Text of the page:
AGAINST all predictions, the elections included a surprise: the downfall of the Greens. Unable to clear the 5 percent hurdle, the western Greens are out of the Bundestag. For nearly eight years, they raged in the parliament, raising the public consciousness but doing little else. The west Germans gave them only 4.8 percent of the vote, compared with 8.3 percent in 1987.
The newly established Greens/Alliance 90 in eastern Germany, on the other hand, gathered 6 percent of the east German vote and are in the Bundestag, but with only seven out of 656 seats. This is a worse performance than that of the former communists, who polled 11 percent in eastern Germany.
The election winner was Chancellor Helmut Kohl's Christian Democratic Union and its sister party, the Christian Social Union, which polled 43.8 percent, slightly less than in 1987. Mr. Kohl's coalition partner, the Free Democrats, gained 2 percentage points, finishing the race at 11 percent.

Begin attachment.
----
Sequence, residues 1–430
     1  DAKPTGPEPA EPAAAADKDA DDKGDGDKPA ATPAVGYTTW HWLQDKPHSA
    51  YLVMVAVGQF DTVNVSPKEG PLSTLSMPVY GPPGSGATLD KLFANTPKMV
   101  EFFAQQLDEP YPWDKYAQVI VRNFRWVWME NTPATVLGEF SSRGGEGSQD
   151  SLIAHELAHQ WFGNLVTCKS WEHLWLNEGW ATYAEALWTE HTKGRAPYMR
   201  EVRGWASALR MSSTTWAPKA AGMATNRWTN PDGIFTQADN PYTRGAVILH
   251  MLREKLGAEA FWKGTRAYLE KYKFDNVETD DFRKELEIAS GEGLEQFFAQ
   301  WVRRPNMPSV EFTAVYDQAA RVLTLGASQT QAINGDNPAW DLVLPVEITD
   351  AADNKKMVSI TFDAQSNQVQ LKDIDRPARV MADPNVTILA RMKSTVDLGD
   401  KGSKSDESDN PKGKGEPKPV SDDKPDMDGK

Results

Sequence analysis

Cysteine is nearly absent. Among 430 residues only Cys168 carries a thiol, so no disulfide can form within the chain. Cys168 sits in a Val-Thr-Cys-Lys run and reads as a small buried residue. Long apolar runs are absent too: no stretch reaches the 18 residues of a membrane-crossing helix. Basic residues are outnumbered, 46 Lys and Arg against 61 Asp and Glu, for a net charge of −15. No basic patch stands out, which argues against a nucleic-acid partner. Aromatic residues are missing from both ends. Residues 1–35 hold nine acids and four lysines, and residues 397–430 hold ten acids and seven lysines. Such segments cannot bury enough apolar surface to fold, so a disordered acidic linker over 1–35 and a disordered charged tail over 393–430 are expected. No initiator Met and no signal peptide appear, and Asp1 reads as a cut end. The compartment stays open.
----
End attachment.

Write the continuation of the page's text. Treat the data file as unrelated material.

The expected loser was the Social Democratic Party, which scored only 33.5 percent, as opposed to 37 percent in 1987.
In Berlin, residents also voted for a new city government. They clearly rejected the rocky alliance between the SPD and Alternative List (the local name for the Greens), by giving Kohl's CDU 40 percent of the vote. It is expected that Berlin will be governed by a grand coalition between the CDU and the SPD.